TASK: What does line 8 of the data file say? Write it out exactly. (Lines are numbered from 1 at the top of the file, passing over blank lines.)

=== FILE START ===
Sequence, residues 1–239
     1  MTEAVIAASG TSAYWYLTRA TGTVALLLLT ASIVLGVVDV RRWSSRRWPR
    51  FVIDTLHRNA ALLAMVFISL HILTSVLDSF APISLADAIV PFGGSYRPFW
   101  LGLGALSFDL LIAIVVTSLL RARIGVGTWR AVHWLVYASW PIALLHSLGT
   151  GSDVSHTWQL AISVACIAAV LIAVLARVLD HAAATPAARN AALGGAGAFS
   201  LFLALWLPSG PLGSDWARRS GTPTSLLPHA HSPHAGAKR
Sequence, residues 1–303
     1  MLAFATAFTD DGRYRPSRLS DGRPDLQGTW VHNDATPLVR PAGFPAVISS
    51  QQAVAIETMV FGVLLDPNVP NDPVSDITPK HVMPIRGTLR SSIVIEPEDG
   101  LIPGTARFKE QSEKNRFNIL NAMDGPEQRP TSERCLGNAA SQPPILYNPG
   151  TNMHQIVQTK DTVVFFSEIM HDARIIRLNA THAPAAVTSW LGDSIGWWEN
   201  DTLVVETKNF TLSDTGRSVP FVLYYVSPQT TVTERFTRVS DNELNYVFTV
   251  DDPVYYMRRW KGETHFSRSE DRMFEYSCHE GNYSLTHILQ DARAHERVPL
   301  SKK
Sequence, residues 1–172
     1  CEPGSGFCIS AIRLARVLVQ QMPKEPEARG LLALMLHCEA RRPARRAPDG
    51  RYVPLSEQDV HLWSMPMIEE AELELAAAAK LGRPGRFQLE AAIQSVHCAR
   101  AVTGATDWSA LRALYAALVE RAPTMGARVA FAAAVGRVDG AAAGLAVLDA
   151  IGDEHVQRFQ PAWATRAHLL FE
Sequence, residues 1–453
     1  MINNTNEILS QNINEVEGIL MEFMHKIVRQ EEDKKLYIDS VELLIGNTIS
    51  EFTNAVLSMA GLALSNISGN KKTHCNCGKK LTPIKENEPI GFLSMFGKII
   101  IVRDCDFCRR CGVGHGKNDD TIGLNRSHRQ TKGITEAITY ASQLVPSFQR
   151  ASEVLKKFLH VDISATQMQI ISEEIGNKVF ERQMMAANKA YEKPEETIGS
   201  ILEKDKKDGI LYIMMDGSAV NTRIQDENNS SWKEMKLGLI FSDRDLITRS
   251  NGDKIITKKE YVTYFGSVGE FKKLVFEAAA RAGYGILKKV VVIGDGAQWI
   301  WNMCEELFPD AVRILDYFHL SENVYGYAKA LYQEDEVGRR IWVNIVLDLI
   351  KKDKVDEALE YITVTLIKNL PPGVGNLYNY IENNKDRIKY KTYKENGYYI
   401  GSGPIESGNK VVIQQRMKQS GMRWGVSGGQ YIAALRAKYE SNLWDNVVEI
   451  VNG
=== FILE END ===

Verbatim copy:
     1  MLAFATAFTD DGRYRPSRLS DGRPDLQGTW VHNDATPLVR PAGFPAVISS